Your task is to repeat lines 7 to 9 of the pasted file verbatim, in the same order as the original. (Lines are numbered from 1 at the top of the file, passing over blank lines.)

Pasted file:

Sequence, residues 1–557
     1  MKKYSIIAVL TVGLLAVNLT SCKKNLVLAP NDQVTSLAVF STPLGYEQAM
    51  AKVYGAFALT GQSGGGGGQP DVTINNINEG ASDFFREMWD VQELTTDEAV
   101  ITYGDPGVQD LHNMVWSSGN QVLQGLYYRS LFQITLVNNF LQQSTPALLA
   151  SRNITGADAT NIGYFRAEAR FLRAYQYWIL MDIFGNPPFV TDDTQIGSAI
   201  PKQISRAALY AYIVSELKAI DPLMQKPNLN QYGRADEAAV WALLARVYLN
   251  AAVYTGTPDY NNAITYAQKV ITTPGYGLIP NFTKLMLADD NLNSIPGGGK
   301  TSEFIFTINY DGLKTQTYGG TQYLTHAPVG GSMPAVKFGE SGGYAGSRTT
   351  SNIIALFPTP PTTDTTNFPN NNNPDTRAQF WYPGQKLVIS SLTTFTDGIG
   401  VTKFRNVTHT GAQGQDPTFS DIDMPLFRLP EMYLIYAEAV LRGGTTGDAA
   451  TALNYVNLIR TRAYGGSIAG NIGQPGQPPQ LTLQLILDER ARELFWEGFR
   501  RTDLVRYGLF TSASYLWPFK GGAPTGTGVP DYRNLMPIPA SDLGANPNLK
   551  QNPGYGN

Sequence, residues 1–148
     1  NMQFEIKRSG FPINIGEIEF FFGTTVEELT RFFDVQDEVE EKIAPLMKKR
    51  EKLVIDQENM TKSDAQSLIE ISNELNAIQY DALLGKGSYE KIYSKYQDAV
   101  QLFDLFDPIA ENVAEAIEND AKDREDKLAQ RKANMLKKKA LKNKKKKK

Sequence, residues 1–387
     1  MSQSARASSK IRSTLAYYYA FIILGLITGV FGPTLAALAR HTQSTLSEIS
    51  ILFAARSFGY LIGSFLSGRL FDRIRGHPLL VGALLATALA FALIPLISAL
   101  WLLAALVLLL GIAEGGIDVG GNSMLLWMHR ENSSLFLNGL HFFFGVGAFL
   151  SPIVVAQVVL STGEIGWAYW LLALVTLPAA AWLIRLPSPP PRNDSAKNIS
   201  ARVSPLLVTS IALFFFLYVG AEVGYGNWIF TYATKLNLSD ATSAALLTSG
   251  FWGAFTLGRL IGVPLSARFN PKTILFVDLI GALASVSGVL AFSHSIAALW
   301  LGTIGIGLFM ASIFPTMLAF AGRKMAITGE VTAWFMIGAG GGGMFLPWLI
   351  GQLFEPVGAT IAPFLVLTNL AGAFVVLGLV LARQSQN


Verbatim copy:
   251  AAVYTGTPDY NNAITYAQKV ITTPGYGLIP NFTKLMLADD NLNSIPGGGK
   301  TSEFIFTINY DGLKTQTYGG TQYLTHAPVG GSMPAVKFGE SGGYAGSRTT
   351  SNIIALFPTP PTTDTTNFPN NNNPDTRAQF WYPGQKLVIS SLTTFTDGIG